NASA, Google and Carnegie Mellon develop a gigapixel digital camera for the masses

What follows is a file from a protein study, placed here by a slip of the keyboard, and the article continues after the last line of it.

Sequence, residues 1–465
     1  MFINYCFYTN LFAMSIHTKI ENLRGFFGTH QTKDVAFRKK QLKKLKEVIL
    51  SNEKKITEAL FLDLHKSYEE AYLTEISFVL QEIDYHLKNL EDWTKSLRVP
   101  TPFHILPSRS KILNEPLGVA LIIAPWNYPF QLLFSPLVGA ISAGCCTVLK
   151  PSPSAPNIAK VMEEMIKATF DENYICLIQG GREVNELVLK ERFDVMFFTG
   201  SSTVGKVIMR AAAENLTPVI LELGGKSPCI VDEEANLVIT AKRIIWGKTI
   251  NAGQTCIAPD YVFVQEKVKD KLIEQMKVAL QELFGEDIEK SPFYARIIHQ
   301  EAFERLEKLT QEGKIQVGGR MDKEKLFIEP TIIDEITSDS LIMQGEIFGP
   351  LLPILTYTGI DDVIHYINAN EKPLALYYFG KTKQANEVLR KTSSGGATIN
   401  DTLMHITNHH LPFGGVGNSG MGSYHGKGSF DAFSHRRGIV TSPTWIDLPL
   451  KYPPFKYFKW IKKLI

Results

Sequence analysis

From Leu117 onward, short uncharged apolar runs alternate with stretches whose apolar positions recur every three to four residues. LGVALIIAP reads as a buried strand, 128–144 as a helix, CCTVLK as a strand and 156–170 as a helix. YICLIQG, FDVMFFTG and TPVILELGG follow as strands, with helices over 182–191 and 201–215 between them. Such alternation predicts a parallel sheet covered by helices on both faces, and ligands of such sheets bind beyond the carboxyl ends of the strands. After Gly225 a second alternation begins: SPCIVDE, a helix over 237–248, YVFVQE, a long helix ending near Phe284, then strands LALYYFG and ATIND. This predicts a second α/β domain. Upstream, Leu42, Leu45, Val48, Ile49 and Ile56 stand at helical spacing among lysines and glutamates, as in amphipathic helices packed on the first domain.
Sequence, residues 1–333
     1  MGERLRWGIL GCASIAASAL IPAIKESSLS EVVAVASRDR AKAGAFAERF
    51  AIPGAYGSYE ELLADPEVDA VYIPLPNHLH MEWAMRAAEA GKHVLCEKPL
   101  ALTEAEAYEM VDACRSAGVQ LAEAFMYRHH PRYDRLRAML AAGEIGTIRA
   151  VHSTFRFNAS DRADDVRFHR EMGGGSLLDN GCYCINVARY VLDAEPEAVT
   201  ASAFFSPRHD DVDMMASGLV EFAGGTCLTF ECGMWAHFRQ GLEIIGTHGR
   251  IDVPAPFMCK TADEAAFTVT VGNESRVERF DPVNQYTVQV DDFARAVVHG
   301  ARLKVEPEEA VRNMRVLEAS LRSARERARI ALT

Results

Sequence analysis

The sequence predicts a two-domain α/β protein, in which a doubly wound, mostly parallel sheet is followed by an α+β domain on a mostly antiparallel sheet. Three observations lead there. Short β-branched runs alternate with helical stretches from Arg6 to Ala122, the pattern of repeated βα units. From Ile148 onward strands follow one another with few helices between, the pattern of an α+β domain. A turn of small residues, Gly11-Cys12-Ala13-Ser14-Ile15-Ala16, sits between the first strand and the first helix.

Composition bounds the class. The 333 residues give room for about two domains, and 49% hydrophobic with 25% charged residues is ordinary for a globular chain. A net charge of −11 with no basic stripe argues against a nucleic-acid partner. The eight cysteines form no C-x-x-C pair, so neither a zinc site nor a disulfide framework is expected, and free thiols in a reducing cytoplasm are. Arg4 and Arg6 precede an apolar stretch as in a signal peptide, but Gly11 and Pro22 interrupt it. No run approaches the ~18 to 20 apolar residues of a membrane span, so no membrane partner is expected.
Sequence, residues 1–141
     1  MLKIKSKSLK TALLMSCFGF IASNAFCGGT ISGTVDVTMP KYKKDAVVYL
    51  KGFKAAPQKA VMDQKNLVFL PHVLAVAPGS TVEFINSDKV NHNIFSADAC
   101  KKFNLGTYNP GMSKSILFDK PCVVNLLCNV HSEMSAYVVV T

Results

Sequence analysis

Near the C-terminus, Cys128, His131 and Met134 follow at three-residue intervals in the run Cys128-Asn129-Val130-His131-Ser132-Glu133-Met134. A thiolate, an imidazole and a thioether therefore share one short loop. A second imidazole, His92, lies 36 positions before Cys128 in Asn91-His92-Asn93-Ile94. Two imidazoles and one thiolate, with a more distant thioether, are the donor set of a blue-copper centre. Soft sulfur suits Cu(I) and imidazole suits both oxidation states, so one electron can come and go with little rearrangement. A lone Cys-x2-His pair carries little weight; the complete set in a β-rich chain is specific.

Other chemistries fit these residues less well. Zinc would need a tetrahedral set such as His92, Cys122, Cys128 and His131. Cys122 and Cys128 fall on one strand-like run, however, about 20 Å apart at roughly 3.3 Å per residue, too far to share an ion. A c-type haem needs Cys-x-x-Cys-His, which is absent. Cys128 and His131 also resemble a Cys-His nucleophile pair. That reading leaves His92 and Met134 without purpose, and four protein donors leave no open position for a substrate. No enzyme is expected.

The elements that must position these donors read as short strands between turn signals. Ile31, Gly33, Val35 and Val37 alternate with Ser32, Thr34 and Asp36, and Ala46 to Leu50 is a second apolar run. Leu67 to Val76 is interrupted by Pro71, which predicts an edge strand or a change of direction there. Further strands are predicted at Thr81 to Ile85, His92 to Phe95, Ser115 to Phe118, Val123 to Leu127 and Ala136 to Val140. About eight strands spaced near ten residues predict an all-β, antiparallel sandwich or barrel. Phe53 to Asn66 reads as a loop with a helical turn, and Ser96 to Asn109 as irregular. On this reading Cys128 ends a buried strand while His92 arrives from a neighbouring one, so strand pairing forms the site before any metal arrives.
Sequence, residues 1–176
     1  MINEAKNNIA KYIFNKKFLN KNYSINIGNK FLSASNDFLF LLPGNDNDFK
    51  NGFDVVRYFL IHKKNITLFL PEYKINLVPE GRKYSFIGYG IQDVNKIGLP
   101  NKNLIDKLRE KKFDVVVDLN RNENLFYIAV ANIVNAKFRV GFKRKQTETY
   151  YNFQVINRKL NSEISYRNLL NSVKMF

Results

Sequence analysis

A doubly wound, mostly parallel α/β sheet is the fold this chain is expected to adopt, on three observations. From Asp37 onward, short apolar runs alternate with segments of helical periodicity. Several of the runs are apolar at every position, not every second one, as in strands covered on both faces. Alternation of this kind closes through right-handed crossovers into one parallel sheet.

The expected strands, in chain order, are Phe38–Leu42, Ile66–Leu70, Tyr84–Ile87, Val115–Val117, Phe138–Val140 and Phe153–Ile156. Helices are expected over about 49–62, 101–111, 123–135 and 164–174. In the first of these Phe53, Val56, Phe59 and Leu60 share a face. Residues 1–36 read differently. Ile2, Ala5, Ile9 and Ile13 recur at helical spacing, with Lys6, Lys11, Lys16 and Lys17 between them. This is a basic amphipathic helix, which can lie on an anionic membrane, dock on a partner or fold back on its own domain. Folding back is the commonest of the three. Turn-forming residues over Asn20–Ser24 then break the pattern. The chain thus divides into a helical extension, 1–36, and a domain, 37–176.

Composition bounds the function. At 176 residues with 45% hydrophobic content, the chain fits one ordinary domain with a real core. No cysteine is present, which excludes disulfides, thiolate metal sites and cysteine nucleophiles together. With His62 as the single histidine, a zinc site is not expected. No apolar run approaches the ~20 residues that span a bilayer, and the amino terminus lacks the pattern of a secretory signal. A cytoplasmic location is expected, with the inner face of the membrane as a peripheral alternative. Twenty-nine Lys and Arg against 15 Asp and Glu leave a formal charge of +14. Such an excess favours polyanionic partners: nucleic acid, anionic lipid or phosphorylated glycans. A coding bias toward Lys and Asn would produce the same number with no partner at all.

NASA and Carnegie Mellon University researchers have teamed to build a robotic device that lets any digital camera to produce gigapixel (billions of pixels) panoramas, called GigaPans. The hardware behind GigaPan images is a robotic camera mount, jointly designed and manufactured by Charmed Labs.  The tripod-like mount makes it possible for a digital camera to take hundreds of overlapping images of landscapes, buildings or rooms. It accomplishes this by precisely manipulating the camera's pan and tilt gaze with precision motors, researchers said. Then, using software developed by Carnegie Mellon and NASA’s Ames Research Center, these images can be arranged in a grid and digitally stitched together into a single image that could consist of tens of billions of pixels, the scientists said in a release.   These huge image files can then be explored by zooming in on features of interest in a manner similar to Google Earth. In cooperation with Google, researchers also have created a GigaPan layer on Google Earth. Anyone using Google Earth can now fly into these GigaPan panoramas in the context of exploring the world.  A gigapixel camera that can see stars millions of times fainter than are visible to the naked eye has been installed on the Pan-STARRS-1 telescope on Halekala, Maui, to scan the skies for "killer" asteroids and other objects that might pose a danger to Earth. The advanced digital camera -- the largest in the world -- was built at the University of Hawaii at Manoa's Institute for Astronomy in Honolulu. The full observatory will consist of four 1.8-meter diameter optical systems that will be aimed at the same point in the sky, and each telescope will be equipped with its own gigapixel camera. The Pennsylvania Board of Tourism is using the GigaPan to let people virtually explore Civil War sites. The technology is also being used for Robot250, an arts-based robotics program in the Pittsburgh area. Robot250 will increase technical literacy by teaching students, artists and other members of the public how to build customized robots.  Besides being a tool for education, researchers see the GigaPan system as an important tool for ecologists, biologists and other scientists. They plan to foster this effort by making several dozen GigaPans available to scientists with support from the Fine Foundation of Pittsburgh.  Researchers said they have begun a public beta process with the GigaPan hardware, Web site, and software. If you would like to give a GigaPan imager a try go here. Submit your information on or before October 19, 2007. We will be informing our applicants on October 26. The GigaPan camera system is part of a larger effort known as the Global Connection Project, a joint venture of Carnegie Mellon University, NASA, Google, and National Geographic. The project's long-term goal is to help us learn the planet by connecting people, places and events through the utilization, exploration and sharing of dynamically viewable images. 

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